Factors Affecting Excisional Margin Status of Skin Tumors
Posted: Tuesday, December 22, 2020
Intrinsic tumor characteristics, rather than the specialty of the physician, appears to influence the success of achieving tumor-free resection margins in patients with basal cell carcinoma or melanoma in situ. Brent C. Martin, MD, of the University of California, Irvine, and colleagues published their multicenter study in Dermatologic Surgery.
This 8-year retrospective study analyzed pathology records for excision of melanoma in situ and basal cell carcinoma in 5,800 specimens from 5,217 unique patients. Margin status and tumor size were ascertained from pathology reports; researchers looked for phrases associated with positive or negative margins. Patient demographics, tumor characteristics, and provider details were compared across physician specialties.
All specimens came from 319 different health-care providers representing 4 specialties: dermatology, otolaryngology, plastic surgery, and general surgery. Most providers (91%) were physicians. Incomplete excision was seen in 23% of specimens, with no significant difference noted between basal cell carcinoma and melanoma in situ.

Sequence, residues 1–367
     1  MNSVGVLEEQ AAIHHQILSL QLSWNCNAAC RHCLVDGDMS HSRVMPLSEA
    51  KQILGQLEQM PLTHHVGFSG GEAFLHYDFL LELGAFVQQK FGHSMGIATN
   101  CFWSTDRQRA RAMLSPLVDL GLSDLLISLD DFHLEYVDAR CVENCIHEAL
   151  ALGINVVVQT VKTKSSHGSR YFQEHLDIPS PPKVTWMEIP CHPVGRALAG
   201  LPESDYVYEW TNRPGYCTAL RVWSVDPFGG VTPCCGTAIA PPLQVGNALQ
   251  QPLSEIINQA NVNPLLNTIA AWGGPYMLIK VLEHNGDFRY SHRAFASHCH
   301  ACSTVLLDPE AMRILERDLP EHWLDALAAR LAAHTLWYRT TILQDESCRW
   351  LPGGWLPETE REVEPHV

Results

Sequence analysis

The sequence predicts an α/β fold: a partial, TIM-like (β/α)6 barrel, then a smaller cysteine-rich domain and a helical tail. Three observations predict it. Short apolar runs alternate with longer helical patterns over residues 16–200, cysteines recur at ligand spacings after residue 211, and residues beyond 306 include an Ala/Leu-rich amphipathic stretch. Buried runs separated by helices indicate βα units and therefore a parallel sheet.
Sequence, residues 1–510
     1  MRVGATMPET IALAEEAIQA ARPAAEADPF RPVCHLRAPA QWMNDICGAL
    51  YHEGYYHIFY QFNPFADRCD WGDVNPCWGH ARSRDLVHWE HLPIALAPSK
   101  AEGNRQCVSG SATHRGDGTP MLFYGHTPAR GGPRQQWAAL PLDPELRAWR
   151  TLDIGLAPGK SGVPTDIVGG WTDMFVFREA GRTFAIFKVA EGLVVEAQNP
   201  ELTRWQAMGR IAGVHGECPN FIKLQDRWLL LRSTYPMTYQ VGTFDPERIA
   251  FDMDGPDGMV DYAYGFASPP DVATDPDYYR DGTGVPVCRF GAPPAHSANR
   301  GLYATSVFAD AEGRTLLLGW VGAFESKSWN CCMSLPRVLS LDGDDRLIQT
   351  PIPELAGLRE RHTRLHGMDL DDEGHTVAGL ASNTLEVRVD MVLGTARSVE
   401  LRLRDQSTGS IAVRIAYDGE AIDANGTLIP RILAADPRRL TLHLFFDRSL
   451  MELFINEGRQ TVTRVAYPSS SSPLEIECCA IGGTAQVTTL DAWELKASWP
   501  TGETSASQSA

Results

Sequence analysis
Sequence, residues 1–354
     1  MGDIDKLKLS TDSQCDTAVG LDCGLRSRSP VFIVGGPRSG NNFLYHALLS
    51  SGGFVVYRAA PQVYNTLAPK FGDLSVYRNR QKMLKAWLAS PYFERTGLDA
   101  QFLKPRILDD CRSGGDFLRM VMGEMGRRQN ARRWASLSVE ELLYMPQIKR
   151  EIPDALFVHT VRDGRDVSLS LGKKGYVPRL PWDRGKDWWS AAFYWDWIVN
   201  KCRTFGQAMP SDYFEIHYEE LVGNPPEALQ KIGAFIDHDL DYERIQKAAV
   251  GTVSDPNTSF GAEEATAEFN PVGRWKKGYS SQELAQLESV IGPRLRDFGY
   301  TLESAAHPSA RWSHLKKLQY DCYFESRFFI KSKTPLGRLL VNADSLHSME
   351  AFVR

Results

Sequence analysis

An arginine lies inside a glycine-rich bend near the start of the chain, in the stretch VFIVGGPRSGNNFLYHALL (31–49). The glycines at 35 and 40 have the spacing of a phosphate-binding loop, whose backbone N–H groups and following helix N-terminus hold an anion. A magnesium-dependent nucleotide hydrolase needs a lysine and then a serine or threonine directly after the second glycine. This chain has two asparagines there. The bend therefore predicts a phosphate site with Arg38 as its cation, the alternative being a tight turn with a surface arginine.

When the researchers looked at specialties individually, positive tumor margins were seen in 24% of excisions performed by dermatologists; 26%, by plastic surgeons; 28%, by otolaryngologists; and 12%, by general surgeons. Melanomas were more likely to be excised by general surgeons (23%) than dermatologists (7%), but no difference was seen in excision of basal cell carcinomas.
Cases handled by general surgeons tended to be larger than 2 cm, whereas 60% of all tumors included in the analysis were less than 2 cm. General surgeons were also less likely to excise tumors from the head and neck (7%) when compared with dermatologists (37%). These two variables, larger tumors and head and neck tumors, were both associated with an increased risk for incomplete excision, indicating tumor characteristics may play a more significant role in the margin status of tumors. In addition, dermatologists, plastic surgeons, and otolaryngologists all had similar rates of incomplete excision in all multivariate models.
Disclosure: The study authors reported no conflicts of interest.